Dr. Roger Bate, an economist who publishes extensively about drug quality, safety, and intellectual property, finds himself a bit out in the cold right now and we think that’s wrong. It’s all because of his latest work on Internet pharmacies and personal drug importation.
He was once a favorite of the pharmaceutical industry. In a 2004 National Review article called “What Patent Problem?” Dr. Bate enraged the progressive, health activist community for arguing that patents are not obstacles to needed medication in poor countries because 95% of World Health Organization Essential Medicines are already off patent. Arguments like those were welcomed by industry, but things have changed. His recent research showing that personal drug importation (which undermines pharmaceutical profits) through online pharmacies can be safe has made him persona non grata in some pharma circles, despite his other positions which support pharma. Unfortunately, it seems the health activist community is also hesitant to embrace Dr. Bate’s current work on personal drug importation, perhaps because they don’t want to lend credence to his past research.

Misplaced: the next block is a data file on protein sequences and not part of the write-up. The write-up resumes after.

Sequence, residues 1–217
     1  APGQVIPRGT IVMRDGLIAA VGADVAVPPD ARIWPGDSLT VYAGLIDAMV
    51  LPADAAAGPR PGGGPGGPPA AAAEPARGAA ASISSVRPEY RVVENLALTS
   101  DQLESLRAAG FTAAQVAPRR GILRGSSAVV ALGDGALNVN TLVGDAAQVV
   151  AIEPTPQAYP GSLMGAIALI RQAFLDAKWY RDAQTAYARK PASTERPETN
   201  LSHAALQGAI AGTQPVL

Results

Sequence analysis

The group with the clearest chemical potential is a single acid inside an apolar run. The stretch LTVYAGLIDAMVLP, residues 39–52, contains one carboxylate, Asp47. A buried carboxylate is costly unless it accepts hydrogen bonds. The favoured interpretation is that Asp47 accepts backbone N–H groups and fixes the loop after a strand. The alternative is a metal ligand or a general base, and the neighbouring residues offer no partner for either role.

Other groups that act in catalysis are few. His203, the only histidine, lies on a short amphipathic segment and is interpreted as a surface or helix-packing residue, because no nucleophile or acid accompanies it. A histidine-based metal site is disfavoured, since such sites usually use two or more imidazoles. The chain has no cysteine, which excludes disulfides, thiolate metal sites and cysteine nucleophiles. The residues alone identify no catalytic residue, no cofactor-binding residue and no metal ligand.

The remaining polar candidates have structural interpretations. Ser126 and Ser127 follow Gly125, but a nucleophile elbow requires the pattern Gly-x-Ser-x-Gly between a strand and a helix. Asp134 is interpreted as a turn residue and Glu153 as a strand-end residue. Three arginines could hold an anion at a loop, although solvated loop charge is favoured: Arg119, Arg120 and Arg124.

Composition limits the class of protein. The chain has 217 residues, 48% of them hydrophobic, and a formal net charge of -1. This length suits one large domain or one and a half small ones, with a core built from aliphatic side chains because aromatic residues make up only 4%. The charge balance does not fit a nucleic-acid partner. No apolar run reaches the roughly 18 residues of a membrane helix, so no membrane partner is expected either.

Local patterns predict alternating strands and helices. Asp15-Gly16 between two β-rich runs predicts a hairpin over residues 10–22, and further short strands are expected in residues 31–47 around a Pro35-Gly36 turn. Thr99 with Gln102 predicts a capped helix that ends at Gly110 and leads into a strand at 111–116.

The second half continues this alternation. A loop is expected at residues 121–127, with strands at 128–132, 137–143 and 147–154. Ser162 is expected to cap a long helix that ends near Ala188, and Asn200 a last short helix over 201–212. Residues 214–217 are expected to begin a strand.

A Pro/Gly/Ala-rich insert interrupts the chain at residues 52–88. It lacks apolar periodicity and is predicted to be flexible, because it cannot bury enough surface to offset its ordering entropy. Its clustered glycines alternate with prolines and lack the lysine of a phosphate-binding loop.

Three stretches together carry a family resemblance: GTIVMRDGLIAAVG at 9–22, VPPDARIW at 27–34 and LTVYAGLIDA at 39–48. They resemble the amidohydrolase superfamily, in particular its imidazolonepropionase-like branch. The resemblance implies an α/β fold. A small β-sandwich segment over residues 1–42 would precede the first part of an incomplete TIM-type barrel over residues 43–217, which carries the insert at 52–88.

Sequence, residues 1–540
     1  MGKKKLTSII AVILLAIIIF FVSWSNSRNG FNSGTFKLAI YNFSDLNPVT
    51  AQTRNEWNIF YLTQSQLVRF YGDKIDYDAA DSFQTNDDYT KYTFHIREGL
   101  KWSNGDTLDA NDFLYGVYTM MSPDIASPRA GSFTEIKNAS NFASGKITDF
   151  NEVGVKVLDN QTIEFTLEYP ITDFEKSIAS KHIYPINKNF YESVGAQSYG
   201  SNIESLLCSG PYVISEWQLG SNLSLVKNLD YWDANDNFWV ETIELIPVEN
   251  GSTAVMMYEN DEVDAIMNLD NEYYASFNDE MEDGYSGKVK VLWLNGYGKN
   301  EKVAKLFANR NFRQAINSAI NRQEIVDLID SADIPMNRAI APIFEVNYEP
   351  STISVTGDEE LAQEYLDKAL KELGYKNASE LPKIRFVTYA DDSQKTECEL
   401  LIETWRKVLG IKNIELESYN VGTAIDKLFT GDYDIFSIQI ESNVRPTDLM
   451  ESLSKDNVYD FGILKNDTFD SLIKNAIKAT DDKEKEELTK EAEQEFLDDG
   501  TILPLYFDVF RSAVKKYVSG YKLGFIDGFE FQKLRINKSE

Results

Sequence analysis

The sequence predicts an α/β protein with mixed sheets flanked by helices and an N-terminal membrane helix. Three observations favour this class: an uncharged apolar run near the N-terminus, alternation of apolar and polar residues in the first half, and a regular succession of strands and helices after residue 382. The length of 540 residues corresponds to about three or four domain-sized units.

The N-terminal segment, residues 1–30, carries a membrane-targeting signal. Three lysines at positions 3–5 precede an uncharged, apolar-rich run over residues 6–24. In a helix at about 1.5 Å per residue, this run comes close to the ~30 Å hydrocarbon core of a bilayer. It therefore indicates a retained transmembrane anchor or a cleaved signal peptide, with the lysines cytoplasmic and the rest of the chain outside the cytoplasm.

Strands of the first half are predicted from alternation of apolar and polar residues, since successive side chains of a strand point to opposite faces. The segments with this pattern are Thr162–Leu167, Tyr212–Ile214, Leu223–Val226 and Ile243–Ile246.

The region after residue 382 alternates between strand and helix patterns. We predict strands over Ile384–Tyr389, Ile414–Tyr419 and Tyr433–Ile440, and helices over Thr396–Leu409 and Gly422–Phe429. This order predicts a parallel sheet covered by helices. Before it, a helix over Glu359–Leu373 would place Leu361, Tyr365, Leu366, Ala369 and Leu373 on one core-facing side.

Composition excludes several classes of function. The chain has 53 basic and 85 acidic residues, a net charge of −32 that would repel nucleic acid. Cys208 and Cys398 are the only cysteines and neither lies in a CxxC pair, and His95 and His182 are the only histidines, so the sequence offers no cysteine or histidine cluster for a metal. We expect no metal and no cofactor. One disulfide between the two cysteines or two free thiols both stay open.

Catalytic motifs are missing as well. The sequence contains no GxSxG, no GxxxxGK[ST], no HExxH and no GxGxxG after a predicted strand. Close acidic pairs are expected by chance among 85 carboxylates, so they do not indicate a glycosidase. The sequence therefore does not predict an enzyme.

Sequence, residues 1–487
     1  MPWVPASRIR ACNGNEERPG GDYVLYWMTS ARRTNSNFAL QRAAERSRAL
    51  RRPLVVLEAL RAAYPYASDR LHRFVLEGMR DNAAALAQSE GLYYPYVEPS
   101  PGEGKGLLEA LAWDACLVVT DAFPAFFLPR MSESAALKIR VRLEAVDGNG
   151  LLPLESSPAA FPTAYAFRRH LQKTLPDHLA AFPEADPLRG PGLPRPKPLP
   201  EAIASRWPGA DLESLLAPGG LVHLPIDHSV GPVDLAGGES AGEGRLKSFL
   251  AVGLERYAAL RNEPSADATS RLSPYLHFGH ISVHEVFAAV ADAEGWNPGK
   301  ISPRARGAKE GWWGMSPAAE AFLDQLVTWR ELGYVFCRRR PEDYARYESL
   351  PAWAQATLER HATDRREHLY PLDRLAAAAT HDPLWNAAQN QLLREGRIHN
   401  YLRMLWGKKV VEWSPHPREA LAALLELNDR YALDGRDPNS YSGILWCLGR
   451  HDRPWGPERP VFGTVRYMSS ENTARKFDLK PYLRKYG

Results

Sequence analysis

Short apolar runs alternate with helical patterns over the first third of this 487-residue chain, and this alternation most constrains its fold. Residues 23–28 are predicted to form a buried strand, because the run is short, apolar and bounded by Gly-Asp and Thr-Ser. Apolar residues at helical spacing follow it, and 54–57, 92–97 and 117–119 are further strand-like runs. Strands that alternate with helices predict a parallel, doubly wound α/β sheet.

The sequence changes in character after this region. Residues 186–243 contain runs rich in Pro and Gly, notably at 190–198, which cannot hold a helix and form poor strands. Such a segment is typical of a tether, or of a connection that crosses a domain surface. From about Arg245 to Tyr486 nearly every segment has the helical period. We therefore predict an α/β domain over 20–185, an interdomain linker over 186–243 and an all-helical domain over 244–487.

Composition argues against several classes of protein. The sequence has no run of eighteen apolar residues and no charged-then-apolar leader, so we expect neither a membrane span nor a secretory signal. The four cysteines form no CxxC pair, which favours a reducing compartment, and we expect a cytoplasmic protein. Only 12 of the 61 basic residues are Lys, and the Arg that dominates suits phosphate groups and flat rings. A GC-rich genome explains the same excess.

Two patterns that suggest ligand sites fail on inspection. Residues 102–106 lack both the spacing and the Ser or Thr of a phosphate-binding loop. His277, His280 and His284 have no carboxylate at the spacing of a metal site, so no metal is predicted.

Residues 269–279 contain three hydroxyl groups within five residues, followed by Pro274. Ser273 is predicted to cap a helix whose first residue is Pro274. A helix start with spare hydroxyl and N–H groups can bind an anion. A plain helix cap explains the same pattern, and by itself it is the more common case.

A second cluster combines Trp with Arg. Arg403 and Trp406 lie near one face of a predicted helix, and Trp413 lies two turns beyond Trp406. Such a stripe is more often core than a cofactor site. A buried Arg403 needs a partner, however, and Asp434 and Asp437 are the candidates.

We think it’s time that everyone, including the FDA, listens carefully to what Dr. Bate is saying about personal drug importation. After extensive mystery shopping and testing of products, Dr. Bate came to a very simple conclusion: As long as people purchased medication from websites (foreign or domestic) approved by PharmacyChecker.com or the National Association of Boards of Pharmacy, they were generally safe doing so. His data also showed that Americans could save a lot of money (an average of 52%) on brand name medicines from legitimate pharmacies outside the U.S. He believes this option, to be fair, should exist mainly for lower income individuals rather than people able to afford U.S. prices.
Dr. Bate’s conclusions about online pharmacy are an inconvenient truth for the pharmaceutical industry and U.S. pharmacies – which include some of the funders of his employer, the American Enterprise Institute. These industries lobby the government to prevent Americans from accessing drugs online at lower cost from foreign pharmacies. Their strategy has been to ignore Dr. Bate’s findings on Internet pharmacies. The FDA seems to be playing the same game by scaring the public away from personal drug importation through public information campaigns, such as Be Safe Rx.
We know that Dr. Bate’s work on online pharmacies is guided by hard data, objective analysis, and his free market sensibilities. We do not agree with his positions on all subjects, but his studies on drug safety demand respect from all sides and could help policy-makers reach the right conclusions for the public good.